In the hotels and other big, stone-built structures there was little loss of life or personal injury, but very different was the tale in Richmond, where most of the unfortunate inhabitants were caught and crushed in a moment when the buildings descended on them like a line of traps, giving them no time to escape. Thousands of tons of broken glass went flying through the air, and it was estimated that over 300 people were blinded by the fragments. Mr. J. Sheldon, editor of the Dartmouth paper, The Patriot, gives us a glimpse of the appalling wounds inflicted by that storm of jagged slivers. "At the southern end of the harbour," he says, "the people suffered mainly from shattered glass. One woman had her throat cut by a glass splinter and bled to death. Almost every person within a mile of the water-front was more or less severely injured by the shattered window panes.... Trees were torn up by the roots. The Indian Reserve, north of Dartmouth, was nearly wiped out. One Indian woman was taken from the ruins with her leg hanging by a shred of flesh. The injured and dead were indescribably mutilated."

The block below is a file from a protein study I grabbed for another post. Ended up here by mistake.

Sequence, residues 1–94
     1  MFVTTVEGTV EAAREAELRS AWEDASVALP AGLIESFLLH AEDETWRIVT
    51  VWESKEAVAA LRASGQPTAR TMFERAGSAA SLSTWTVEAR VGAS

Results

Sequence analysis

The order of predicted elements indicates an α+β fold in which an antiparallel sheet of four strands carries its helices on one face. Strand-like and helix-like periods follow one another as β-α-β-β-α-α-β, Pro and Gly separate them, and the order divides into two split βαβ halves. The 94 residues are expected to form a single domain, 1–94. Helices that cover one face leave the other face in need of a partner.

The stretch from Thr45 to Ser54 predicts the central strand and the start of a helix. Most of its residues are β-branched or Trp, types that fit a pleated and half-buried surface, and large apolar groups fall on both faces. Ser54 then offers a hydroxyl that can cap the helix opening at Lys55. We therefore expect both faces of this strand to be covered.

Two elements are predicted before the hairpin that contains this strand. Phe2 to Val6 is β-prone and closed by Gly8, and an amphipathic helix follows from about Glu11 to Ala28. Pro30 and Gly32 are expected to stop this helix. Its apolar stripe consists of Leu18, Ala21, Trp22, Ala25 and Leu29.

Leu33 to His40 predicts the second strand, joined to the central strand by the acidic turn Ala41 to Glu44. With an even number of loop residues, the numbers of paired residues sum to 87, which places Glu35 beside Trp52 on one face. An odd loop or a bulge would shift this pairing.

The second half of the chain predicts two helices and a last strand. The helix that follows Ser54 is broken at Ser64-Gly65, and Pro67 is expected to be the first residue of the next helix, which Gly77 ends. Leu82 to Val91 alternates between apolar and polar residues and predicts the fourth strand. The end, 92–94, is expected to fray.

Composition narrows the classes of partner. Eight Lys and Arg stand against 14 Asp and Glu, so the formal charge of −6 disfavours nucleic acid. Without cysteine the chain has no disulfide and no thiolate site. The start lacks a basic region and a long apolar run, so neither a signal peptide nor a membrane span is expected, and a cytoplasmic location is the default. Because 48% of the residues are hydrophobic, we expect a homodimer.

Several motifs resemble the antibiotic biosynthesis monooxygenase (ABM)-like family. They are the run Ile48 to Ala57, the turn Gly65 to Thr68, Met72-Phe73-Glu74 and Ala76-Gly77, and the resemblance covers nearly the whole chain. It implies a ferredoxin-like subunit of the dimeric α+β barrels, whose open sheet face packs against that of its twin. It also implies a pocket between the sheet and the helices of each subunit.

Among children, particularly, the casualties of the north section were frightful. Out of 550 boys and girls who entered certain schools in Halifax that day, less than ten escaped with their lives; 200 little ones were killed in Dartmouth School, and at the Protestant Orphans' Home the matron and every single child perished. But the horrors of the collapsed buildings and rain of broken glass were not all: the terrific heat of the consuming gases released from the exploded munitions swept the city with its fiery breath and set it alight. The stone buildings near the Citadel escaped from being ignited, but Richmond, where the narrow streets were all choked with tons upon tons of kindling wood, was not so fortunate; in this district, before the wretched inhabitants could recover from the shock of the explosion, they found fire roaring down on them in great gusts through the splintered woodwork.